My students and residents know that I want to hear the numbers. Sometimes normal is not normal. Sometimes seemingly normal gives clues.

The problem comes from our laboratory definition of normal. The lab uses large data sets to estimate a “normal” range. Sometimes the clinical condition says otherwise.

Several years ago I had a patient with an unknown “pneumonia” who was not improving. On examining his labs I noted that his creatinine has risen from 0.8 to 1.2. Both numbers were technically normal, but a 50% increase in creatinine should grab our attention. When we finally obtained a urinalysis, he had evidence of acute glomerulonephritis. The “pneumonia” was really GPA.

What is a normal platelet count? What is a normal WBC? How do we interpret a serum calcium if we do not know the serum albumin? What does it mean when the BUN is 2? What is the BUN/creatinine ratio and does that help us understand the patient's story?

The patient has a history of severe vomiting, but has a normal bicarbonate level. What is the anion gap? Does the computer flag an abnormal anion gap?

When students present, I expect to hear the numbers. When reading MKSAP questions or reading (or listening to) Human Diagnosis Project cases, too often labs are reported as normal. Yet the numbers may still provide some value.

So here is my call for presenting the numbers and let me decide if they provide information. Perhaps I can teach the team something from these labs. But let me decide if the numbers are actually normal. Please!

db is the nickname for Robert M. Centor, MD, MACP. db stands both for Dr. Bob and da boss. He is an academic general internist at the University of Alabama School of Medicine, and the former Regional Dean for the Huntsville Regional Medical Campus of UASOM. He still makes inpatient rounds regularly at the Birmingham VA and Huntsville Hospital. His current titles are Professor-Emeritus and Chair-Emeritus of the ACP Board of Regents. This post originally appeared at his blog, db's Medical Rants.
Thursday, June 20, 2019

Density of breasts, clarity of decisions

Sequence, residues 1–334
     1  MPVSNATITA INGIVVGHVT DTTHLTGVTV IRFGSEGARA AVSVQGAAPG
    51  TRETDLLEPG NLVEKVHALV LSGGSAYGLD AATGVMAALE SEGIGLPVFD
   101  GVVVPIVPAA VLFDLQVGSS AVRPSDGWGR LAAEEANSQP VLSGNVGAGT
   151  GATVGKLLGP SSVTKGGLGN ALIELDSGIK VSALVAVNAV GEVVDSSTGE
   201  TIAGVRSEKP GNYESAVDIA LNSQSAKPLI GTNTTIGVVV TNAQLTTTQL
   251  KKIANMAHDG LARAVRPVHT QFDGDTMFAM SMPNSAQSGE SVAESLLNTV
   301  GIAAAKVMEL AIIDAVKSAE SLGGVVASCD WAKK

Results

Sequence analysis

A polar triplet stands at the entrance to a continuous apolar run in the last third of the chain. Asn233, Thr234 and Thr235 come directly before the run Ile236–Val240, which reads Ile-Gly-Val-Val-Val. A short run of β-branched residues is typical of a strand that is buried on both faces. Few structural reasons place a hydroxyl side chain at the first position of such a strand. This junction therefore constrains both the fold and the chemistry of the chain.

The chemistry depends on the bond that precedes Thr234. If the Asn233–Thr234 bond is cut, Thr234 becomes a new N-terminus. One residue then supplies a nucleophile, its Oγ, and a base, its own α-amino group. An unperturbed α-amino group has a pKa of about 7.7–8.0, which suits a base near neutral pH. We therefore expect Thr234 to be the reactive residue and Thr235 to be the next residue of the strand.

My dear friend and esteemed colleague, Dr. Nancy Cappello, passed away this past year, far too soon. The short version of that story is that Nancy died of the very late consequences of delayed diagnosis and treatment of her breast cancer. That delay resulted from the imaging challenges with dense breast tissue. The longer arc of that narrative is a tale of arduous challenge for Nancy and her loved ones, and a story of courage, inspiration, altruism, and beauty. A great tale, just not this one.

This one is about a recent commentary in JAMA on the topic of dense breast tissue, and what to do about it in clinical practice. The authors, who cite the work of Dr. Cappello prominently, focus more on the density of medical decisions than that of breasts. They note that breast density may indeed confound the interpretation of mammograms, but seem to argue that want of needed research confounds medical decisions even more so.

Specifically, the piece argues that we have no trials randomizing women with dense breasts to standard versus enhanced screening protocols, proving that the latter reliably enhance outcomes and save lives. They reassert as well the long-recognized liability of breast cancer screening: to find the cancer that should be treated, there is an unavoidable toll in false alarms, resulting in anxiety, biopsies, and potential complications that would never have occurred without screening.

This is not an argument against screening, but it is a valid reminder that medical screening is a literal case of “looking for trouble.” The goal is to find established trouble early, and dispatch it effectively. But the more figurative meaning of blundering into adversity also pertains. Cancer screening is never perfect, and can fail in either direction, failing to find cancer when it's there, indicating it is there when it is not. Both represent their own version of trouble.

Arguably the graver trouble, and the variety that ultimately cost my friend Nancy her life, is the false negative. The mammographic signs of early breast cancer are obscured by dense breast tissue, and the result in Nancy's case and far too many others, is the proverbial “clean bill of health” when a cancer that should be in plain sight is in fact hiding on a hard-to-read mammogram. The damage this does is self-evident: screening fails to fulfill its one objective of finding cancer early, and instead the cancer progresses before being detected. The chance to treat early and minimize the toll is lost.

But while less grave, the trouble in the other direction is vastly more prevalent. False positives occur when the various anomalies of normal tissue are mistakenly interpreted as potential signs of cancer. This risk, too, is elevated with dense breast tissue. Over a decade of screening, half or more of all women will experience a false positive mammogram. While arguably just a “false alarm,” and sometimes readily proved to be just that, these false positives are far from benign. As noted, they are at best a source of transient but significant anxiety. They are often the reason for involved and invasive testing, which is in turn a potential source of complications, and future mammograms made even harder to interpret reliably.